Growing up on the farm, Houser labored with crops of cotton and alfalfa and helped support the family growing vegetables and raising livestock and horses. At an early age he became interested in the images he saw in magazines and books. He soon began making his own drawings and carvings. In 1934, a notice for an art school in Santa Fe attracted his attention, and he enrolled in the Painting School at the Santa Fe Indian School. Commonly known as the Dorothy Dunn School after its prominent teacher, Houser became its most famous student and by 1939 his work was exhibited in San Francisco, Washington, D.C., and Chicago. In the same year he received a commission to paint a mural in the Department of Interior building in Washington, and its success led to a second mural commission there in 1940.
Houser married Anna Marie Gallegos in 1939, and together with three young sons they moved to Los Angeles in 1941 where Houser sought employment during the war effort. It was here that Houser would have the opportunity to visit museum exhibitions of European modernists such as Brancusi, Arp, Lipschitz, and Henry Moore, whose work would have a lasting influence on Houser as his own style evolved in the succeeding decades.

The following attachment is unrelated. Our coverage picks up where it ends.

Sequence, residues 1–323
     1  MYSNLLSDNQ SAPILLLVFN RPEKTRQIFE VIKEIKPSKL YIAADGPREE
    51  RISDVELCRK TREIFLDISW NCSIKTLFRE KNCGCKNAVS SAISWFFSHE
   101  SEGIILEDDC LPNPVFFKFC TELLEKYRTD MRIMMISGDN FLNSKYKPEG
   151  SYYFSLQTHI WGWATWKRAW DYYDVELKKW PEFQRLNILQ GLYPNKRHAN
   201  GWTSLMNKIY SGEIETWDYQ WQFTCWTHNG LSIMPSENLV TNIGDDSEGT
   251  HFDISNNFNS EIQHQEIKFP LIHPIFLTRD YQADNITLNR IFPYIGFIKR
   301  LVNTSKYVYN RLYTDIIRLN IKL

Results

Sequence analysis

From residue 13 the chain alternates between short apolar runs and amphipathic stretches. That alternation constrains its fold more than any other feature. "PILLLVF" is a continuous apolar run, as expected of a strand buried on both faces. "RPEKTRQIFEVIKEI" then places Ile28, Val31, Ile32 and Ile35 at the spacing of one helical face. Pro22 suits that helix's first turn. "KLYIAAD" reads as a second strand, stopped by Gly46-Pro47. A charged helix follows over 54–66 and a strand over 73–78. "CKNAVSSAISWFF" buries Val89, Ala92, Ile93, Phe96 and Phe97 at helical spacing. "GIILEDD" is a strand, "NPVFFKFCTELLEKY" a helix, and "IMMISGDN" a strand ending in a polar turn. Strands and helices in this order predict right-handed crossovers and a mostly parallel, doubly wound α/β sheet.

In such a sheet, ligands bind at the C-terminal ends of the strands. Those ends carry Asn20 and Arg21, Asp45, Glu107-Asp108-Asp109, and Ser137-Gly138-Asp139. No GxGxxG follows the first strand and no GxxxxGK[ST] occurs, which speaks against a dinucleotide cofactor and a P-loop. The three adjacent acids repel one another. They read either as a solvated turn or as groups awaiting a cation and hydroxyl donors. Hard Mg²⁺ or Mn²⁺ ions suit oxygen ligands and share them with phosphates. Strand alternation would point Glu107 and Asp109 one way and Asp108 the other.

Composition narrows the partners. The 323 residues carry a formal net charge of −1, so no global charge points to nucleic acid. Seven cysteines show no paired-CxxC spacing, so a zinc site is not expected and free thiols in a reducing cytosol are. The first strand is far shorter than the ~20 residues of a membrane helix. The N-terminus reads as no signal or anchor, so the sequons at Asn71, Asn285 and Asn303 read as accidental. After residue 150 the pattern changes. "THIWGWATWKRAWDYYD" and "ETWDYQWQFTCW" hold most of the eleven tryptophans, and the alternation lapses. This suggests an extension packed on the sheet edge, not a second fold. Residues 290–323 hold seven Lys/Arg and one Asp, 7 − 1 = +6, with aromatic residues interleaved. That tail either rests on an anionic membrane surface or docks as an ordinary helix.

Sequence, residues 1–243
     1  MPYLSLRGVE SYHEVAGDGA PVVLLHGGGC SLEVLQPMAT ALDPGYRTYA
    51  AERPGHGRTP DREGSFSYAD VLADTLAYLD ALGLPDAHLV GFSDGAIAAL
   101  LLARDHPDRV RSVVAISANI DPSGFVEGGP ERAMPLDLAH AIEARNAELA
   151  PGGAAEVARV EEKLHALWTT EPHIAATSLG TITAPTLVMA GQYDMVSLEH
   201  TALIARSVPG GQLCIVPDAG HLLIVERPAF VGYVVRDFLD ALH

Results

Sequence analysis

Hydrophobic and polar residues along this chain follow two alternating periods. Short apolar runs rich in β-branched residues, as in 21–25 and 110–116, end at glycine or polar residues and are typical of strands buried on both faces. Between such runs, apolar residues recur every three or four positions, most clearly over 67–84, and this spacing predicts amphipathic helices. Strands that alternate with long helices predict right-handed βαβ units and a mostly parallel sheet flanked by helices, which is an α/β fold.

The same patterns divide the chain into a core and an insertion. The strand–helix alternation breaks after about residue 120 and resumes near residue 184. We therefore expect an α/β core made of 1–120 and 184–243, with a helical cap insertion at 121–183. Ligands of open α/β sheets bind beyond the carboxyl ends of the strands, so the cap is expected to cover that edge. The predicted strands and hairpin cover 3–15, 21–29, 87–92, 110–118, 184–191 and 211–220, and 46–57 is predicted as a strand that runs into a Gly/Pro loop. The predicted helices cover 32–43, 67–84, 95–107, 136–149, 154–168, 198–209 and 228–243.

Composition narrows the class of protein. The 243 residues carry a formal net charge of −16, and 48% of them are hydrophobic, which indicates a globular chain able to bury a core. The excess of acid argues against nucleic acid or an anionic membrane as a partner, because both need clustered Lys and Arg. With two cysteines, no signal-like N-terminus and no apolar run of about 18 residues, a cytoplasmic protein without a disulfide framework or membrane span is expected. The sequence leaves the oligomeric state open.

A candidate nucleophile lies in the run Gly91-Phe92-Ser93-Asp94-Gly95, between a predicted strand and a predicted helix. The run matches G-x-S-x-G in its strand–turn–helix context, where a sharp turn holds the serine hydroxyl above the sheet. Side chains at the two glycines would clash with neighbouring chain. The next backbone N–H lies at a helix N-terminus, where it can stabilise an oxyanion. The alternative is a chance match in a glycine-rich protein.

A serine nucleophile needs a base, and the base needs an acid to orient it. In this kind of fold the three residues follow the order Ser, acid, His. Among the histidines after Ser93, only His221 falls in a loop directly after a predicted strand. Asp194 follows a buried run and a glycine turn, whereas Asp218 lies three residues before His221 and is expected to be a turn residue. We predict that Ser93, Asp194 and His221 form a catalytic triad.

In 1947, Houser was commissioned by the Haskell Institute in Lawrence, Kansas, to do a memorial sculpture honoring the Native American students from Haskell who had died in World War II. Completed in 1948, this work entitled "Comrade in Mourning" was his first major marble carving. In 1951 Allan moved to Brigham City, Utah, where he taught art at the Inter-Mountain Indian School for the next eleven years. He continued to paint and produce small wooden sculptures, and in 1954 he was honored by the French government with the Palmes d'Acadamique for his outstanding achievement as a teacher and artist.
In 1962, Houser was asked to join the faculty of the newly created Institute of American Indian Arts in Santa Fe. There he created the sculpture department and began focusing his own artistic output on three-dimensional work. As Houser taught and created sculpture, he began integrating the aesthetics of the modernists with his narrative ideas, resulting in a new style of Native American sculpture. As Houser began exhibiting his new sculptures during the 1960s, recognition of the style grew. Museums and private collectors sought out examples, and his influence became apparent on hundreds of students and other artists. In 1975, Houser retired from teaching to devote himself full-time to his own work. In the two following decades he would produce close to 1,000 sculptures in stone, wood, and bronze, and emerged as a major figure on an international scale. He had nearly 50 solo exhibitions in museums and galleries in the United States, Europe, and Asia, and he continued working tirelessly until his death on August 22, 1994.